The Sentiment of the Christian Serial Novel: The Curse of Caste; or the Slave Bride and the AME Christian Recorder

By Carter, Tomeiko Ashford | African American Review, Winter 2006 | Go to article overview

The Sentiment of the Christian Serial Novel: The Curse of Caste; or the Slave Bride and the AME Christian Recorder


Carter, Tomeiko Ashford, African American Review


By the time the first installment of Julia C. Collins's The Curse of Caste; or The Slave Bride was printed in the Christian Recorder, a 19th-century African American church-affiliated newspaper, Collins had become a household name among its readers, having previously penned at least five essays on Christian deportment for the publication. Collins's opinions about African American moral behavior, intellectual advancements, innovation, and (women's) education had been printed in the paper during the entire year leading up to the February 25, 1865, appearance of Caste and set the stage for many of the thematic and narrative strategies that the author would employ in her serialized novel. In the tradition of works by writers like Frances E. W. Harper, Caste stands as a mouthpiece for its author: it is the culmination of her religious and social beliefs. In it, Collins relies on prevailing literary conventions of spiritual autobiography and sentimentality and uses the forum of the black Christian press to comment on white social responsibility (especially abolitionism), adherence to Christian principles, and the advancement of middle-class and mixed-raced African Americans. Unwittingly, however, the author leaves unanswered many questions regarding the plight of the enslaved black population.

The publication history of the Recorder demonstrates that in 1865 the still young black church was poised on the brink of social change. The Recorder was the authorized periodical of the African Methodist Episcopal Church, a Christian denomination begun with organizing efforts by Methodist preacher Richard Allen in 1816. Allen and other blacks had originally attended St. George's Methodist Episcopal Church in Philadelphia, but after having been denied full participation in ecclesiastical services, they left the church and founded their own area churches, including Allen's original late 18th-century storefront church, Bethel African Methodist Episcopal Church. By 1816, the black Methodists would sue to form a separate, autonomous denomination, resulting in the formation of the AME church proper and the eventual naming of Allen as its bishop. (Allen had been ordained as a Methodist minister in 1799 by Methodist bishop Francis Asbury.) The formal segregation of northern blacks from the Methodist church would have a lasting impact on the institutionalization of African American religion; or, as Carol V. R. George argues, "The dramatic withdrawal of the black Methodists" had an even greater national effect: it "marked the beginning of the independent black church movement" (55).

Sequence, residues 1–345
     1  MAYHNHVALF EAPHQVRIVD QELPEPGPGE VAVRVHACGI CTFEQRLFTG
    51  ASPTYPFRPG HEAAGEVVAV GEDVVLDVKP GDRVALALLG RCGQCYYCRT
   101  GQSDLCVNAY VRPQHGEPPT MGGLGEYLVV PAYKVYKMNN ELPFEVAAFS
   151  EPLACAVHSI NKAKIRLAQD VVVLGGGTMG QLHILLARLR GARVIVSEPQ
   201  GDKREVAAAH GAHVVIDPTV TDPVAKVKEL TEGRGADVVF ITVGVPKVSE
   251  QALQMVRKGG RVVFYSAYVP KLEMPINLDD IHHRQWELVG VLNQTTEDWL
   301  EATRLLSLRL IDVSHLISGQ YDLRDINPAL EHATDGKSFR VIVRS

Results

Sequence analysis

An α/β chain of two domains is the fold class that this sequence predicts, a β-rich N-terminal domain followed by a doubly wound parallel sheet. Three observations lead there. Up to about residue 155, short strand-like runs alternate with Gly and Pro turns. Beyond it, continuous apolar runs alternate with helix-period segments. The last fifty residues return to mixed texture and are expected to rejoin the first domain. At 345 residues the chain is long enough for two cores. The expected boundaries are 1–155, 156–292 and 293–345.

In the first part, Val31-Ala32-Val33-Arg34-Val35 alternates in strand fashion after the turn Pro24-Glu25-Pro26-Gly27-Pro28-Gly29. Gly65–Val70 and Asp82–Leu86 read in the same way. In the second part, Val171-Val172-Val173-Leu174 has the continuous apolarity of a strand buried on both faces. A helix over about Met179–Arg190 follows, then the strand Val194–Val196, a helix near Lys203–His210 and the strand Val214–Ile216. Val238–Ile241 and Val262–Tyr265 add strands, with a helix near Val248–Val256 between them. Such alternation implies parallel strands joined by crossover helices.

Given that its humble beginnings were intertwined with the callings of racial strife, the AME church established a long-heralded mission, which sought the social political, educational, and religious liberation of black diasporal people across the world. Besides taking obvious sociopolitical stances (especially against slavery and in favor of the advancement of blacks) and establishing schools, the AME church promoted the general literacy and education of blacks by founding various outlets for literary expression and development. Among those initiatives was its launching of the AME Book Concern, a publishing organ that issued books, pamphlets, song books, and broadsides that generally promoted a black religious agenda. In 1848, Allen purchased from afrocentrist author Martin Delany a newspaper with a black revolutionary sentiment. Called The Mystery by Delany, in 1852 the paper was finally renamed the Christian Recorder. Keeping social activism as a part of its mission, the paper now included information on church and denominational affairs as well as opinion pieces and columns on current political events--especially abolitionism, tracts on educational developments, advertisements for the re-unification of separated loved ones, science reports, and literary works. In regard to its participation in the production of literature, the Recorder fostered the careers of many renowned 19th-century African American authors. …

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